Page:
There are costs, and then there are costs (abstract):
The Economic Cost of Global Fuel Subsidies
Lucas W. Davis
By 2015, global oil consumption will reach 90 million barrels per day. In part, this high level of consumption reflects the fact that many countries provide subsidies for gasoline and diesel. This paper examines global fuel subsidies using the latest available data from the World Bank, finding that road-sector subsidies for gasoline and diesel totaled $110 billion in 2012. Pricing fuels below cost is inefficient because it leads to overconsumption. Under baseline assumptions about supply and demand elasticities, the total annual deadweight loss worldwide is $44 billion. Incorporating external costs increases the economic costs substantially.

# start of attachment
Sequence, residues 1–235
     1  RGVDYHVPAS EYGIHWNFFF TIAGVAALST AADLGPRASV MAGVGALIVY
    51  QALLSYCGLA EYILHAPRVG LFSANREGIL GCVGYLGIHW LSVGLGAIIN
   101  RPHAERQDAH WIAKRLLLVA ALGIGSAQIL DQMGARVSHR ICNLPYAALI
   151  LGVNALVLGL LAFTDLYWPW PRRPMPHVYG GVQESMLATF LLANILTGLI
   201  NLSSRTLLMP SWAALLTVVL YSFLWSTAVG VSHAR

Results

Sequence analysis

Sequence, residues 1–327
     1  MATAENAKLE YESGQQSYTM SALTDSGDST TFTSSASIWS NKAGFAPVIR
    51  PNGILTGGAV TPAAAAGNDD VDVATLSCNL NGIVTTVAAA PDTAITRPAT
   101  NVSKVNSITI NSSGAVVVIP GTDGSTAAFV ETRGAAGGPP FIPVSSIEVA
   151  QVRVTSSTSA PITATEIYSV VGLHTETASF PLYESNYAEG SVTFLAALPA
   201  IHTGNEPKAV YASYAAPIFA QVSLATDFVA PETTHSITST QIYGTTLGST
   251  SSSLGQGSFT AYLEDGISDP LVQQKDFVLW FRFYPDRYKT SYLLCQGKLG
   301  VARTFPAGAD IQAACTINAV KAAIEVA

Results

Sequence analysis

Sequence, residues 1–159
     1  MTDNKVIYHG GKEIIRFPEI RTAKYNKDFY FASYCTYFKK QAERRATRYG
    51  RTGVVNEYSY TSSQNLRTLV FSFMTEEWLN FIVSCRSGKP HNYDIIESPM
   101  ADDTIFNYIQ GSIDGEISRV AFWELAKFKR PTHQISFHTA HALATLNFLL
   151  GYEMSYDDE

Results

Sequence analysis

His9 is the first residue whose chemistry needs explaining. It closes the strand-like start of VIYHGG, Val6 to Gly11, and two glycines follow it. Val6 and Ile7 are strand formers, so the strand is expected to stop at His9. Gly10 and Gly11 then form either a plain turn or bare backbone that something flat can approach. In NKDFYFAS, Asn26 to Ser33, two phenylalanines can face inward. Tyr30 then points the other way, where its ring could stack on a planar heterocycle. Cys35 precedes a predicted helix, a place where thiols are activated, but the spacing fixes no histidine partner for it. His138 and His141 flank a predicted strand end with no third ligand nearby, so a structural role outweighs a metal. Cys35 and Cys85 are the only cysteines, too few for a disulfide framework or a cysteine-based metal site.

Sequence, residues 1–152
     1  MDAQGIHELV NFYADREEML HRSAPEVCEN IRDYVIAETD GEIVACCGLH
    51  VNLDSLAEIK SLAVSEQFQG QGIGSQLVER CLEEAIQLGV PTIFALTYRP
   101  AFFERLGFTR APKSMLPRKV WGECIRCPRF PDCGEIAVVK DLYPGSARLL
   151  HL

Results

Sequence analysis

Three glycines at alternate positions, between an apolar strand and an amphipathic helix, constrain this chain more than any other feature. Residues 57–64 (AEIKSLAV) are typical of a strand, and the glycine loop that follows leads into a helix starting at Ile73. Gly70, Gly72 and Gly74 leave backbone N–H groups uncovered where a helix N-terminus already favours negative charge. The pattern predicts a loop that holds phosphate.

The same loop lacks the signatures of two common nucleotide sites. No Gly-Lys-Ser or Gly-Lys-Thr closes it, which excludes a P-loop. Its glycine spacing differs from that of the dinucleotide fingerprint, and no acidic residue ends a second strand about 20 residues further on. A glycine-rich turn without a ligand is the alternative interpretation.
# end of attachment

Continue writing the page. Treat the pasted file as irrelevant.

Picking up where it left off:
The equivalent of about 40% of the value of subsidies is effectively a deadweight loss – the efficiency loss associated with overconsumption due to market prices below the market-clearing level.
In addition, the paper estimates the costs arising from negative externalities, such as pollution, health costs and traffic congestion, which amount to USD1.10 per gallon, or approximately USD0.29 per litre. At today’s exchange rates, that’s about RM1.00 per litre, over and above the dollar cost of subsidies.
The total global economic cost of fuel subsidies therefore is USD44 billion plus USD32 billion in externalities for a grand total of USD76 billion – every single year.
Where does Malaysia stand? We’re in the top ten in the world in terms of the absolute value of fuel subsidies, and in the top twenty in per capita petrol consumption, which is amazing considering our demographic profile.
Neither mark is one to be proud of. Fuel subsidies simply have to go.
Lucas W. Davis, "The Economic Cost of Global Fuel Subsidies", NBER Working Paper No. 19736, December 2013